12 How to Pay for College WORK STUDY A federally funded program that works together with the university that the student attends which provides financial aid through employment opportunities. The student can work a maximum of 20 hours per week.  Flexible schedules are available.  Student’s education is a priority.

13 How to Pay for College LOANS Money that must be repaid.

14 How to Pay for College HOW AND WHEN DO YOU APPLY? Fill out the Free Application for Federal Student Aid (FAFSA) and the Cal Grant GPA Verification form. You can obtain a copy of the FAFSA and the GPA verification form in the college office at your sons/daughters school or in any public library. You can also apply online at: January 1 st – March 2 nd is the Filling period during your son’s /daughter’s senior year in high school. Call 1(800) 4FED-AID for more information.

15 How to Pay for College Assembly Bill 540  Assembly Bill 540 Requirements & Eligibility  Required Affidavit for AB 540 Students  Financial Resources  Additional Resources

16 How to Pay for College ASSEMBLY BILL 540 REQUIREMENTS 1.Attended a high school in California for 3 or more years. 2.Graduated from a CA high school or attained the equivalent of a high school diploma, (Passed the GED or CA High School Proficiency Exam) 3.Register or be currently enrolled in 1 of the 3 state institutions of higher learning. 4.File an affidavit with the college or university stating that he or she has applied to legalize his or her legal status or will do so as soon as he or she is eligible to do so 5.All information provided by student will be kept confidential by the college or university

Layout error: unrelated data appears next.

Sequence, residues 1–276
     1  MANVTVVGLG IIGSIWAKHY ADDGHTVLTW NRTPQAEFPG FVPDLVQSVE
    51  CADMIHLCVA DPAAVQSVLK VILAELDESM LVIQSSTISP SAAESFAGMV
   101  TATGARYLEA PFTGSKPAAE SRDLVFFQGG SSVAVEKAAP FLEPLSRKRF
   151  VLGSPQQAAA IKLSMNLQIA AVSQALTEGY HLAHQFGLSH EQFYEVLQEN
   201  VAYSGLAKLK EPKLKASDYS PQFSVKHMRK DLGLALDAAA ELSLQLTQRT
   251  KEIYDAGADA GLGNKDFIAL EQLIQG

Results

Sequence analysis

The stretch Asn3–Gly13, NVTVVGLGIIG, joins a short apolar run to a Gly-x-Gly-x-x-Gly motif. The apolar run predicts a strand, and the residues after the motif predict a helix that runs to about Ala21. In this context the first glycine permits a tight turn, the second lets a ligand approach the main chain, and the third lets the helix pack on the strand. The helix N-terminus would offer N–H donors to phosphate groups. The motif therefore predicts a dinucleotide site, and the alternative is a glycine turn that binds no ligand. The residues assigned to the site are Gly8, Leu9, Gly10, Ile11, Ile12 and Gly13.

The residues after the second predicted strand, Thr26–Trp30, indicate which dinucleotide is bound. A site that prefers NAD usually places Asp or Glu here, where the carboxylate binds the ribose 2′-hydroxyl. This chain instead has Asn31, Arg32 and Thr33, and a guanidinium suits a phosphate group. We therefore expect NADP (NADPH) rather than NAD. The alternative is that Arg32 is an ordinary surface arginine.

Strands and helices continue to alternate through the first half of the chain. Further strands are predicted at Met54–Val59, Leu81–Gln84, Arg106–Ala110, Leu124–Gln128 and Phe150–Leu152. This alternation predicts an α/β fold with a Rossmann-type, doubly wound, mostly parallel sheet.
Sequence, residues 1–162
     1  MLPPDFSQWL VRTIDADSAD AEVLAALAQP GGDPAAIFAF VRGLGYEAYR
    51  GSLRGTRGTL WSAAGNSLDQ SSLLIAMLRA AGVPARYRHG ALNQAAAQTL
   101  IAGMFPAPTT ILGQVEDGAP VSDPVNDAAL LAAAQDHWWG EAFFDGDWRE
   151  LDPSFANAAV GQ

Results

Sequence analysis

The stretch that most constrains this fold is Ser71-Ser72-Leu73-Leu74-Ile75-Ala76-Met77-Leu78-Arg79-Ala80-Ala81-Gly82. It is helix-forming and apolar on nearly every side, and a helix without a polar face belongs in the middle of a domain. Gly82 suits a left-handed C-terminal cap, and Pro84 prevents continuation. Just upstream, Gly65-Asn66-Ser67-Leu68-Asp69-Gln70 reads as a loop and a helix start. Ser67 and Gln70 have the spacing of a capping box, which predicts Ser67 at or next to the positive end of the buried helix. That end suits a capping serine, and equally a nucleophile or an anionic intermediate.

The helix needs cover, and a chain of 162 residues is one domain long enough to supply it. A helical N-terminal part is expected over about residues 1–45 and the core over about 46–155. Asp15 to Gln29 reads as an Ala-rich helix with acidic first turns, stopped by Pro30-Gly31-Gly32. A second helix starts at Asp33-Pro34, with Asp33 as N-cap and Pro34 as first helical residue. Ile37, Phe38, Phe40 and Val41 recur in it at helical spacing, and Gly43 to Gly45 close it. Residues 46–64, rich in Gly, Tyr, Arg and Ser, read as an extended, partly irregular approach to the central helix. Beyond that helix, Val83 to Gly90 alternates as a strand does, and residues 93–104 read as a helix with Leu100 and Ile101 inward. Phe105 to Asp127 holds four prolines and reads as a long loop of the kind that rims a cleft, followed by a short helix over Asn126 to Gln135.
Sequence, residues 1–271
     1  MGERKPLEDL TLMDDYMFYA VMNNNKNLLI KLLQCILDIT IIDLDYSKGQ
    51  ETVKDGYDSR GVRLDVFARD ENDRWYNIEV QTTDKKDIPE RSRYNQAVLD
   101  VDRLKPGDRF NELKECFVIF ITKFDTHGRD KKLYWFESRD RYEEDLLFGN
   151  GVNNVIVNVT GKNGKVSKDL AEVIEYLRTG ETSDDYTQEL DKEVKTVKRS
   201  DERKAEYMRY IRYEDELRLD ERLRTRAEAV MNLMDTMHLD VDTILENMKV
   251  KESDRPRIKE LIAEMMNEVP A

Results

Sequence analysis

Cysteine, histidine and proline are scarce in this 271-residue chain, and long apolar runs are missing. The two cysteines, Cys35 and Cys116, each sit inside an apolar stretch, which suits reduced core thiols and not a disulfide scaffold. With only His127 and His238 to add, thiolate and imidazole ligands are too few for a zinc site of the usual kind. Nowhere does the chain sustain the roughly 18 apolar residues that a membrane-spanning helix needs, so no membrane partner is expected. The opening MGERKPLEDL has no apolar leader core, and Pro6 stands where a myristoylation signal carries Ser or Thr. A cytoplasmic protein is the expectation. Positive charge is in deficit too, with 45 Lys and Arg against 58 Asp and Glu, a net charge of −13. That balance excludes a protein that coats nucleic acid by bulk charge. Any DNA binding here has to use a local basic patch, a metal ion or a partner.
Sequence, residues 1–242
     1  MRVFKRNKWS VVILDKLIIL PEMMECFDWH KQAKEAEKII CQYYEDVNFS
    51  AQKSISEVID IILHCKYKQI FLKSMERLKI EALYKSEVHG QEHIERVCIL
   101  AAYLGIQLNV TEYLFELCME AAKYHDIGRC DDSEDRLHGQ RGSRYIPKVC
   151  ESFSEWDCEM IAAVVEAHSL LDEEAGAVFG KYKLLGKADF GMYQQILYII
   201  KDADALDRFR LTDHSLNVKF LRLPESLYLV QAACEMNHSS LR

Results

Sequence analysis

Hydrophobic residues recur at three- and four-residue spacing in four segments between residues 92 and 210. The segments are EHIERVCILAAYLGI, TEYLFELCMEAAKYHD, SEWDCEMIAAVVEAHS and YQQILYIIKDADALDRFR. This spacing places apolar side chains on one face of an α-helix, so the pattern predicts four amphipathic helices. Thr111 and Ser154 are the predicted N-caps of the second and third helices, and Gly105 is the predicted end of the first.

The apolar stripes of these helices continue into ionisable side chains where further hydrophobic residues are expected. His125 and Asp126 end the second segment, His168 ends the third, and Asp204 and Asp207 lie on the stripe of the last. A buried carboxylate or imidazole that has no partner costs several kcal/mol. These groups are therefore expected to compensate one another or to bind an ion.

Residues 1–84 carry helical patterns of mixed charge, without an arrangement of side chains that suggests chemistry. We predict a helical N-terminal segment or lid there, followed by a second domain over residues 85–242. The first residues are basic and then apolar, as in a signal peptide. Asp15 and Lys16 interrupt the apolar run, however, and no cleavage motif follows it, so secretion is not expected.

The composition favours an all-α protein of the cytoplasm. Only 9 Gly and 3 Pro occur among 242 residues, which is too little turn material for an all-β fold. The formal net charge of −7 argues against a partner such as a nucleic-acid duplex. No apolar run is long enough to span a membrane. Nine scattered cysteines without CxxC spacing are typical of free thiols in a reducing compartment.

17 How to Pay for College Required Affidavit for AB 540 Students The affidavit is required by the college where the student will be attending The affidavit states that the student will adjust their status, as soon as they are eligible to do so Students are not required to submit a new affidavit when there is continuous enrollment The information on the affidavit is kept confidential, as required by law. Immigration has no access to student information

18 How to Pay for College IMPORTANT Please remember to make copies of any document you fill out and send Any document you send should have proof of mailing, therefore you should always obtain a certificate of mailing from the post office.

19 Making College Success A Family Goal

20 Making College Success a Family Goal What is a goal? A goal is a desired result a person (or organization, or a family)wants to achieve A goal can be Getting a College Degree